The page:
Bensonhurst officials ask city, ‘Why no free Wifi?’
The city’s technology revolution is passing Bensonhurst by.
Neighborhood officials are miffed that the city’s much-touted LinkNYC program, which makes free Wifi available to residents via sidewalk kiosks, is nowhere to be seen on local streets.
“We would like to have them,” Community Board 11 District Manager Marne Elias-Pavia said. “They would provide a valuable service to the residents of our community. Not everyone can afford to pay for high-speed internet.”
In addition to free WiFi, the LinkNYC portals offer users free phone calls, easy access to the 911 and 311 systems, maps and social services platforms through a LinkNYC network. The kiosks are also equipped to serve as charging stations for people seeking to charge their cell phones and other mobile devices.
More than 3.5 million people have used the free WiFi since the first LinkNYC stations were installed in 2016, according to city officials. The 9.5-foot-tall kiosks contain 55-inch high-definition screens on both sides. The panels replaced the old pay telephones that used to line the sidewalks.
There are currently more than 1,600 LinkNYC kiosks on New York City sidewalks, including an abundance of them in trendy, upscale Brooklyn neighborhoods like Park Slope, Brooklyn Heights and Williamsburg.
The city plans to install 7,500 LinkNYC kiosks over the next several years.
In Park Slope, the kiosks also list the arrival times of buses at local bus stops. The bus time information was installed under a pilot program.
Other neighborhoods, like Sunset Park, have also been linked up to LinkNYC. Along a 13-block stretch of Fourth Avenue from 24th Street to 37th Street, there are six kiosks.
Residents seeking to vote for capital budget projects in their neighborhoods as part of the City Council’s Participatory Budgeting program could find ballots on their local LinkNYC kiosks.
But there is a dearth of the tall, sleek-looking technology stations in Bensonhurst and other Southwest Brooklyn communities, according to local elected officials, who are calling on the New York City Department of Information Technology and Telecommunications, the agency responsible for the program, to rectify the situation.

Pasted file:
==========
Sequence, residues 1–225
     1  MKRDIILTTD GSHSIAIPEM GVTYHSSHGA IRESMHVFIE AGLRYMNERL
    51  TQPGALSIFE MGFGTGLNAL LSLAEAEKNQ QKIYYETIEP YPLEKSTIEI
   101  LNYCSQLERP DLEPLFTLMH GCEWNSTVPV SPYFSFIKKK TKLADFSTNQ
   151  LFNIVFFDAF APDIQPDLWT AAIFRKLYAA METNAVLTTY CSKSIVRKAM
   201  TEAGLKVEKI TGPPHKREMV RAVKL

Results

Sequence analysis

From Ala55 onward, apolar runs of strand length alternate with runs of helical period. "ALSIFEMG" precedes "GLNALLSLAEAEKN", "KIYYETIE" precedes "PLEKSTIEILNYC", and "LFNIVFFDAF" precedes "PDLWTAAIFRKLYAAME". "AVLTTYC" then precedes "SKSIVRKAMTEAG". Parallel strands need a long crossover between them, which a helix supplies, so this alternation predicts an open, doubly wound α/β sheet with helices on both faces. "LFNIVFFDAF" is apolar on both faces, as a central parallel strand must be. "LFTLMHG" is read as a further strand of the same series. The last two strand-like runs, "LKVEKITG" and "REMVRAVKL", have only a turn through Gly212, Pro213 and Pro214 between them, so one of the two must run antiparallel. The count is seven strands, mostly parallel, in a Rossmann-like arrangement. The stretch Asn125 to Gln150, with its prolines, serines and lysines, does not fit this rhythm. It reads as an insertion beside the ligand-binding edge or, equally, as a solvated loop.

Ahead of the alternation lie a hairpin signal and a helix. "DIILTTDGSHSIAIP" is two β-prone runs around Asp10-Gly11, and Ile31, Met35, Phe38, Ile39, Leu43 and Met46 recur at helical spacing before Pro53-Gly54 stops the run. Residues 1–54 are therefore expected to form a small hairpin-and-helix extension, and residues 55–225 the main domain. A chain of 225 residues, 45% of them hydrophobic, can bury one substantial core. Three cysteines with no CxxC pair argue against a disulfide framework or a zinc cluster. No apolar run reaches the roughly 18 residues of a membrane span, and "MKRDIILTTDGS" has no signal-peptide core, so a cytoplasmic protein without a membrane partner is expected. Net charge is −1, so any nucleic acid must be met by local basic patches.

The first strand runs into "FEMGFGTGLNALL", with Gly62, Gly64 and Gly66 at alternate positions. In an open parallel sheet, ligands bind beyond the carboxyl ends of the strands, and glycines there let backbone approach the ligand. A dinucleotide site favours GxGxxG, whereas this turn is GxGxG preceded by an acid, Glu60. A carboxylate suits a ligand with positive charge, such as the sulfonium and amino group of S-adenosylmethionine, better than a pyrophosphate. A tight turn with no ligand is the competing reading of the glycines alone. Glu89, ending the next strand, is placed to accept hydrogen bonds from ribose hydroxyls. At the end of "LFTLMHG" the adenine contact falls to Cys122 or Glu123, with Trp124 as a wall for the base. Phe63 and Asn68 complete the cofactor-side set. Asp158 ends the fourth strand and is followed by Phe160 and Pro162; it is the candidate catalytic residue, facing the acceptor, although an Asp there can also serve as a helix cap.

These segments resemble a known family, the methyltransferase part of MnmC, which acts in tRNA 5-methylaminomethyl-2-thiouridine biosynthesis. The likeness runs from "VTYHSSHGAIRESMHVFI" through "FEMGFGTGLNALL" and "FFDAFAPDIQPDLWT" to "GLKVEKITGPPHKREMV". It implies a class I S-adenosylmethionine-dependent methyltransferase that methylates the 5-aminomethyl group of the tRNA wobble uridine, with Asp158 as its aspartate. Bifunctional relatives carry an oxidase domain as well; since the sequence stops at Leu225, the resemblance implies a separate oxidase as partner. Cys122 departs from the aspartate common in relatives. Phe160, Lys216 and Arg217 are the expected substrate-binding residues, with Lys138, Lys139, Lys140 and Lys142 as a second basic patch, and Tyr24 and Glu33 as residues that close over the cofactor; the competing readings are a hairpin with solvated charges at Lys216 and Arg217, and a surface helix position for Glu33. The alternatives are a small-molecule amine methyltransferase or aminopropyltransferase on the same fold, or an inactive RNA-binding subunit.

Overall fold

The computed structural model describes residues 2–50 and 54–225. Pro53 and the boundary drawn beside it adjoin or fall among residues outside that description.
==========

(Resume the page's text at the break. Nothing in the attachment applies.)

Councilmember Justin Brannan posted a map of Brooklyn on his Twitter page to illustrate the lack of LinkNYC in Southwest Brooklyn.
“It’s just not fair that the wealthiest communities in New York City have an abundance of free WiFi and neighborhoods like Bensonhurst and Dyker Heights don’t have a single LinkNYC WiFi kiosk. Going forward, LinkNYC must fulfill its franchise agreement and provide kiosks to underserved areas from Bay Ridge to Coney Island to Brownsville,” Brannan told this paper via email.
On his Twitter page, Brannan called Southwest Brooklyn “a WiFi-free desert.”
Councilmember Mark Treyger said he is annoyed at the absence of LinkNYC portals in his district.
Treyger charged that the haphazard rollout of the program is turning New York into a city of technology haves and have-nots.
“Internet services are not cheap, and neither are internet-capable devices. Meanwhile, internet access can be critical when looking for employment, researching for academic purposes, medical services, banking or other financial services, and news and information. Many an employer requires employees to be available electronically, too,” he wrote in an op-ed in this newspaper. “I believe strongly that your zip code should not be a determining factor in what opportunities are made available to you.”
Mayor Bill de Blasio first announced a plan to bring free WiFi to New York City streets in 2014 with a promise to include all five boroughs. The city hired a consortium called CityBridge to install the kiosks.
Officials from the Department of Information Technology and Telecommunications briefed CB 11 on the plans in 2014 and told the board they were scouting possible locations on Kings Highway, 86th Street, New Utrecht Avenue and 18th Avenue. “But since that time, we have received no updates,” Elias-Pavia said.
The Department of Information Technology and Telecommunications issued a statement in response to inquiries from this paper.
“LinkNYC is a pioneering and successful initiative, already connecting more than 3.9 million New Yorkers and visitors to superfast WiFi, free calling, and more—at zero cost to taxpayers. Since the public launch in 2016, more than 1,600 Links are active across all five boroughs with thousands more set to be deployed over the next few years. Link deployment follows the installation of high-speed fiber optic cables along corridors through the city. We look forward to each of the thousands more that will hit the streets in the next few years, including those in Southwest Brooklyn,” the statement reads.
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